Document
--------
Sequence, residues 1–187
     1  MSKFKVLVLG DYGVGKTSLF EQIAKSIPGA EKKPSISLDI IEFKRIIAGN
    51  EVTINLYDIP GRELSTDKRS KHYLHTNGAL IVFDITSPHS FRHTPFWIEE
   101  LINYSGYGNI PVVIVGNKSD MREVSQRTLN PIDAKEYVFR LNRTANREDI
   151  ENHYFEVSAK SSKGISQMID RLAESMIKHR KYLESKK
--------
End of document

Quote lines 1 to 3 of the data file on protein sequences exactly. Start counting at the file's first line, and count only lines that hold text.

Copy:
Sequence, residues 1–187
     1  MSKFKVLVLG DYGVGKTSLF EQIAKSIPGA EKKPSISLDI IEFKRIIAGN
    51  EVTINLYDIP GRELSTDKRS KHYLHTNGAL IVFDITSPHS FRHTPFWIEE